Sunday, January 4, 2009

Greenspan and Great Men

Digby makes an important point about Alan Greenspan and his Epic Fail:

He is one of the reasons I no longer have any trust at all in the great man theory. I know that people need heroes, but in our celebrity worshiping culture we take it to such ridiculous extremes that it turns dissent and questions into heresy. I no longer find it particularly useful to think in those terms much at all.

Greenspan may be one who stands out considering the horrifying ramifications, but there are many of these elders whose "reputations" have led us straight into disaster. (Colin Powell comes to mind.) Maybe it's time America gives the hero/wise man/guru concept a rest.

With about two more weeks until Barack Obama is sworn in as No. 44, I think we should remember those words.

As someone who makes a (meager) living in the media, I've learned that people are more competent and principled when they know critics and skeptics are waiting to hold them accountable.

Thus, hero-worship of Obama will do little to advance our country. Instead, it'd be nice if we could balance support with skepticism of Obama and his policies. If we can manage that, we're much more likely to get the sort of results we want.


Shalom P. Hamou said...

Sorry, Chairman Ben S. Bernanke, But Quantitative Easing Won't Work.

In a Liquidity Trap although Saving (S) is abnormally high investment (I) is next to 0.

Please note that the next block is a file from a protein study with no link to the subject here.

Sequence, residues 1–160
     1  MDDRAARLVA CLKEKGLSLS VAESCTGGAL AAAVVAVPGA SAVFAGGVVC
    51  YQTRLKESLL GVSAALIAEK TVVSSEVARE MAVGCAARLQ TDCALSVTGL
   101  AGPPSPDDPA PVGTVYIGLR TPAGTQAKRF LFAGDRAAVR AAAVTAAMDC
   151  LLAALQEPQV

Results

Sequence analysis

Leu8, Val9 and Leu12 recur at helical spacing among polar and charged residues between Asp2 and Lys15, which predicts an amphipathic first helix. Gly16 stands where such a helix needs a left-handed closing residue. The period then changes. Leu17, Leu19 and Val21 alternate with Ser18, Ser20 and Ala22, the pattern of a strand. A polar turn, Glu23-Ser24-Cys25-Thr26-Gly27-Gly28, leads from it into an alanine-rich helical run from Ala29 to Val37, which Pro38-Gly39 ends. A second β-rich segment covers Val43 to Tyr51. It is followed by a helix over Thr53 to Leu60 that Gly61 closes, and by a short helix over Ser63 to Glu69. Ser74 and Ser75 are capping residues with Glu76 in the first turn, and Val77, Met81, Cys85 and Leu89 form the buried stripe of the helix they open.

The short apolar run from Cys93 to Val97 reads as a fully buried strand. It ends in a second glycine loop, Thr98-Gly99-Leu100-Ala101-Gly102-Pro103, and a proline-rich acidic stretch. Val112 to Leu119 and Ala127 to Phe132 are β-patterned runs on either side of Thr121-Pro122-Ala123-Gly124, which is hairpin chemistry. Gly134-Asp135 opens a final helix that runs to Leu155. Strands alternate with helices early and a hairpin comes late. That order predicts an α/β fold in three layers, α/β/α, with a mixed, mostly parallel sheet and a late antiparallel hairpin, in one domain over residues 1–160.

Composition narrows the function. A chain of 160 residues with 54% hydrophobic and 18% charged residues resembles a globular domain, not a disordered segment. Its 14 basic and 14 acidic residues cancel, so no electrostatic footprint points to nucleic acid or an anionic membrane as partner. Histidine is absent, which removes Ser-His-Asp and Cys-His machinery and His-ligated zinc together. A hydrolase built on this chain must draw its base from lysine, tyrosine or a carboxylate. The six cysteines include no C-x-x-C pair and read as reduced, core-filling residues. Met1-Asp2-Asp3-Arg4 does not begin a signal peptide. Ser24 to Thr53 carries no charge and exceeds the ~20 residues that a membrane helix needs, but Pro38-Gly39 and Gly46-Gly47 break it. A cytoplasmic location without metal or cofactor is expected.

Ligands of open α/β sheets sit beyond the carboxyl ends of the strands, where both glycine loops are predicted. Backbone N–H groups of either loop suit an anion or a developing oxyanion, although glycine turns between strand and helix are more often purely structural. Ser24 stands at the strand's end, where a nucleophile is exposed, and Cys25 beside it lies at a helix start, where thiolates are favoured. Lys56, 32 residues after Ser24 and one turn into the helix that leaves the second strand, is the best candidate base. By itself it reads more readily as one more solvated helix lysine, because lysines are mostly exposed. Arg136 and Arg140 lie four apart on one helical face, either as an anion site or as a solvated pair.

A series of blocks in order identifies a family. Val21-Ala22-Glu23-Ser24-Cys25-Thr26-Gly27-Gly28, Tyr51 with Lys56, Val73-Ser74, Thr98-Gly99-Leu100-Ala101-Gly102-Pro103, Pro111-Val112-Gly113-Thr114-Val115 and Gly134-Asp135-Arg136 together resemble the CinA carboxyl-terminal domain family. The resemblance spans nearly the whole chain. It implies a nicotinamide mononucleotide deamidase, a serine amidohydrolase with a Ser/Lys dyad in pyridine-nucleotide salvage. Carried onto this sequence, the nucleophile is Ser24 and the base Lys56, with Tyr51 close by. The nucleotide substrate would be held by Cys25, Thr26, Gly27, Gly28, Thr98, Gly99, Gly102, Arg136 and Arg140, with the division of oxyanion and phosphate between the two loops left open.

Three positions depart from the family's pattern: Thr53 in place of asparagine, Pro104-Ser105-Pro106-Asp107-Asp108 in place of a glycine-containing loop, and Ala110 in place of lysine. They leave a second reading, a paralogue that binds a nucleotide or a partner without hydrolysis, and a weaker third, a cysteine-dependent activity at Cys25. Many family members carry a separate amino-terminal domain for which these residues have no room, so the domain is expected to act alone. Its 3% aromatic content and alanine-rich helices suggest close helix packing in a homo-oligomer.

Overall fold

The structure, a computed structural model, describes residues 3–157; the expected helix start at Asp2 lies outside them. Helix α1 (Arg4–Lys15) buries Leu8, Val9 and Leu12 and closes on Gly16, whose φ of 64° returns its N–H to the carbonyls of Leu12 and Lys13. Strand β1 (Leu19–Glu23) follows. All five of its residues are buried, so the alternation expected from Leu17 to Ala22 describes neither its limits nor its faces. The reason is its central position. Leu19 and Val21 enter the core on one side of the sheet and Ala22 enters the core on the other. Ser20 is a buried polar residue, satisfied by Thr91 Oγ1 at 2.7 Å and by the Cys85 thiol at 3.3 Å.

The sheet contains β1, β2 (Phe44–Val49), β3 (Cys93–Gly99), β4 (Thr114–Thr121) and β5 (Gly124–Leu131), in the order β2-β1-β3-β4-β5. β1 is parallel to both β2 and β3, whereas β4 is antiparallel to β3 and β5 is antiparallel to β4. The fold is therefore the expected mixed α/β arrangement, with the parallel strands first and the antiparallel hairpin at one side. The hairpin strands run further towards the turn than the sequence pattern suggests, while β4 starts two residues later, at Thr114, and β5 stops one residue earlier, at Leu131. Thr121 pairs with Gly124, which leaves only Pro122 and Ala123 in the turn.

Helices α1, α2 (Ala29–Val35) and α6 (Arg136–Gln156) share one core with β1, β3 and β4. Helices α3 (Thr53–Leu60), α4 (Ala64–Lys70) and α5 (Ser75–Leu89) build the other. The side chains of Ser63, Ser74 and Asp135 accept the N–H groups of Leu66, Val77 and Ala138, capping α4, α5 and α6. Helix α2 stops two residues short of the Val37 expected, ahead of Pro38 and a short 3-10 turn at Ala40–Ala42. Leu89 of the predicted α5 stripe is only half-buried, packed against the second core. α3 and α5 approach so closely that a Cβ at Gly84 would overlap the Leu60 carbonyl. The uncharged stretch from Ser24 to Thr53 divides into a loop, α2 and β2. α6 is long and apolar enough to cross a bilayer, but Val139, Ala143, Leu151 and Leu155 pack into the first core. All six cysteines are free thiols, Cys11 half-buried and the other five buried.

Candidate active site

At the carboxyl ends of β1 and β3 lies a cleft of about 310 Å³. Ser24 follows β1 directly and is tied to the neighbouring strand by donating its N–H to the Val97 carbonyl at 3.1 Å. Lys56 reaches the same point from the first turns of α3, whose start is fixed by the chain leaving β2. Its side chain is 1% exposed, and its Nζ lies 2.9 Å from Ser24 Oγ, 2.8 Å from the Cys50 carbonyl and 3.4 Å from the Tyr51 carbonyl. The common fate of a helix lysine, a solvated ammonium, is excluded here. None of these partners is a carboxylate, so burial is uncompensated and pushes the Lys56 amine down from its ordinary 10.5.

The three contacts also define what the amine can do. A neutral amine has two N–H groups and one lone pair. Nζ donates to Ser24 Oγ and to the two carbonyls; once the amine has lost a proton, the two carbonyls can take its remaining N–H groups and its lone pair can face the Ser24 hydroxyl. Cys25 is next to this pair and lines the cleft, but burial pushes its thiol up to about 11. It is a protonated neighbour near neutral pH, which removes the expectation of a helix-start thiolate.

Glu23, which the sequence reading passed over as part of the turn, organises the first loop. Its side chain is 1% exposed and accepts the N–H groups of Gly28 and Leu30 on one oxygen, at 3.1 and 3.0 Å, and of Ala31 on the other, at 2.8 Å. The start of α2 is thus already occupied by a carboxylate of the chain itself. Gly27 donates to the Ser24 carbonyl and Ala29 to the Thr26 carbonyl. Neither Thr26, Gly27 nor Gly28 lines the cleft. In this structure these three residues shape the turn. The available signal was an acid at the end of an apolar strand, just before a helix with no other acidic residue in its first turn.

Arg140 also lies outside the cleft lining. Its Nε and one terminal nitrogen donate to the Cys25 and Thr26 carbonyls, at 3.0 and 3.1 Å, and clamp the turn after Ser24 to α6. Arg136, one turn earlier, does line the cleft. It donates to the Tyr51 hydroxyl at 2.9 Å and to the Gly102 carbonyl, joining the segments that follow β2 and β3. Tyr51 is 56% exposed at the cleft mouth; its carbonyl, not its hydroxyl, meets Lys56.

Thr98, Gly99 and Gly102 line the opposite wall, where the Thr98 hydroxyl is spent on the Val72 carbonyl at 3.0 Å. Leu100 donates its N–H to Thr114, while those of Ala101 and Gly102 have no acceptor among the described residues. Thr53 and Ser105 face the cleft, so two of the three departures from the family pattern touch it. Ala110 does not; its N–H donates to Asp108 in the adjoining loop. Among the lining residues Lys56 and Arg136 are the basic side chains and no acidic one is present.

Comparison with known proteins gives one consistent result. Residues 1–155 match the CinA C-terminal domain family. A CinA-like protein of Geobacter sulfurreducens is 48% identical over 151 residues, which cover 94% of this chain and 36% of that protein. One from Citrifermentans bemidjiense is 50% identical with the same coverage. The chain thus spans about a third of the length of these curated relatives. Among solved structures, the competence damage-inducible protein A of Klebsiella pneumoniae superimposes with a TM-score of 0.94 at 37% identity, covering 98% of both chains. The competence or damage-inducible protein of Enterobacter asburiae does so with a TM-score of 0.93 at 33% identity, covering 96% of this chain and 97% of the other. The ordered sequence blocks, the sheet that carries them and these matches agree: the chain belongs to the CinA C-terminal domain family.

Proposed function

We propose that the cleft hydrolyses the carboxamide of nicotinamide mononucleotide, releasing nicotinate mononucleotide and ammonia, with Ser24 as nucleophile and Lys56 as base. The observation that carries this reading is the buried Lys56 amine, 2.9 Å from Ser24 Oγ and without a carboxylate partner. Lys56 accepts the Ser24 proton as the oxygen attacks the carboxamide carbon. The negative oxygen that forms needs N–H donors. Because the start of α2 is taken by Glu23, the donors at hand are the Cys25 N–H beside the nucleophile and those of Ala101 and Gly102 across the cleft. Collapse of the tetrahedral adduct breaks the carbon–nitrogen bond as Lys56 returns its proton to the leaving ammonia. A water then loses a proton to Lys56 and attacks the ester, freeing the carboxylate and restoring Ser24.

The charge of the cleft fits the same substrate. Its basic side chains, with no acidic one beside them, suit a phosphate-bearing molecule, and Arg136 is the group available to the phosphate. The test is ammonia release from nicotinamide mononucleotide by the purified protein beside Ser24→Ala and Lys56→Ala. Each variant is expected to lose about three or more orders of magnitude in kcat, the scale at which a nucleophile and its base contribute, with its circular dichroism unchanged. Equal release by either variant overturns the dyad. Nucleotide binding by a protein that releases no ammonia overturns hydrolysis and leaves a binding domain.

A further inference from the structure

Hence, the Keynesian paradigm I = S is not verified.

The purpose of Quantitative Easing being to lower the yield on long-term savings and increase liquidity it doesn't create $1 of investment.

In a Liquidity Trap the last thing the Market needs is liquidity.

Quantitative Easing does diminish the yield on long-term US Treasury debt but lowers marginally, if at all, the asked yield on long-term savings.

This and other issues are explored in my tract:

A Specific Application of Employment, Interest and Money
Plea for a New World Economic Order


This tract makes a critical analysis of credit based, free market economy, Capitalism, and proves that its dysfunctions are the result of the existence of credit.

It shows that income / wealth disparity, cause and consequence of credit and of the level of long-term interest-rates, is the first order hidden variable, possibly the only one, of economic development.

It solves most of the puzzles of macro economy: among which Unemployment, Business Cycles, Under Development, Trade Deficits, International Division of Labour, Stagflation, Greenspan Conundrum, Deflation and Keynes' Liquidity Trap...

It shows that no fiscal or monetary policy, including the barbaric Quantitative Easing will get us out of depression.

A Credit Free, Free Market Economy will correct all of those dysfunctions.

The alternative would be, on the long run, to wait for the physical destruction (through war or rust) of most of our productive assets. It will be at a cost none of us can afford to pay.

A Specific Application of Employment, Interest and Money

Press release of my open letter to Chairman Ben S. Bernanke:

Sorry, Chairman Ben S. Bernanke, But Quantitative Easing Won't Work.

Yours Sincerely,

Shalom P. Hamou
Chief Economist & Master Conductor

blackink said...

Either I've been spammed or I'm stupid.

I'm willing to seriously consider both possibilities.